Plants and fungi have co-existed for millions of years and have developed interdependent or symbiotic partnerships. When planting trees, roses and other shrubs, we are encouraged to give our plants the best chance by putting a couple of pinches of rootgrow in the planting hole This contains a mix of mycorrhizal fungi that will work with the plant roots.

Perhaps, inevitably, this is only part of the story. Untold thousands of fungi have formed partnerships with 90% of land plants. The two main types of mycorrhizae that associate with the trees and shrubs we grow in our gardens are ectomycorrhizae (ECMs) and arbuscular mycorrhizae (AMs). The AMs, the most common on trees, penetrate cells within roots and develop a huge network of tiny filaments, or hyphae, around their hosts. ECMs function outside the plants, forming a sheath round the roots and growing a network of hyphae perhaps covering hundreds of metres. Both types collect water, nutrients and many elements for plants in exchange for vital sugars from their hosts. Phosphorus, which fosters root development, is specially important. The mycorrhizae also help fight off pathogens that would otherwise damage their hosts.

Some of our plants rely on one type of mycorrhiza, with others using both, simultaneously or at different times. This often depends on surrounding soil conditions.

Local soils also contain mycorrhizae that suit and may have adapted to these conditions and, in his recently published book, Trees, Peter A Thomas writes that the introduction of different and possibly incompatible fungi could be counterproductive. Manufacturers of these inoculants don’t say what’s in the powder we buy or their origins, so even experts like Thomas can’t assess their value.

But some gardening methods make rootgrow pointless. For example, fungicides in spring lawn-care and some rose blackspot treatments inevitably leach into the soil. These fungicides kill all fungi they contact, not just your problematic ones.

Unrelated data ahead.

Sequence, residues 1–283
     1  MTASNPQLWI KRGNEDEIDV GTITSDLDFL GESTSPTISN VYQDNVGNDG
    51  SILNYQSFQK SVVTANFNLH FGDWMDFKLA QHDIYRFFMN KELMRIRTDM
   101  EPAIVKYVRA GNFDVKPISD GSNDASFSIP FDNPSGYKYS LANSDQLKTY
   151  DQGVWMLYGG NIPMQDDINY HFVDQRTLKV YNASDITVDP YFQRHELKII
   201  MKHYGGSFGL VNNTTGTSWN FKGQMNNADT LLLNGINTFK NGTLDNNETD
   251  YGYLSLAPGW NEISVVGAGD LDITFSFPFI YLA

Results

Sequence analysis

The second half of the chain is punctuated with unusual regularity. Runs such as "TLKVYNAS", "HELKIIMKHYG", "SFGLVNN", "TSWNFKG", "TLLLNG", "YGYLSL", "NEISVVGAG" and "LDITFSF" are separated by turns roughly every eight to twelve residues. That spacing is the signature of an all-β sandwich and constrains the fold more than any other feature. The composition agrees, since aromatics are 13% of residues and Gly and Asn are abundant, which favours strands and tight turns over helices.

Every garden, especially an established one, contains its own suite of mycorrhizal fungi, so why not save your money, dig up a spadeful from somewhere else and put in the planting hole?

Be careful not to over-fertilise the ground before and after planting. The fertiliser contains as much phosphorus as the tree or rose needs, so it won’t use mycorrhizae to get more. Thomas notes that as a result, nearby mycorrhizae may turn pathogenic and damage their potential host. The American Rose Society quotes Dr Linda Chalker-Scott, who writes: “To encourage these hard-working and beneficial fungi in your plant community, you’ve got to cut down the junk (plant) food – stop using phosphate fertiliser.”

Plant of the week

Kale Cavolo nero, Black Tuscan or a host of other names is looking luscious as a result of the autumn rains, having put on a great spurt of growth after the dry summer. The long leaves are at their most succulent just now so enjoy. Its botanical name is Brassica oleracea palmifolia and it does look a little like a palm tree especially when you have harvested the lower leaves and there is just a tuft of younger ones still to develop.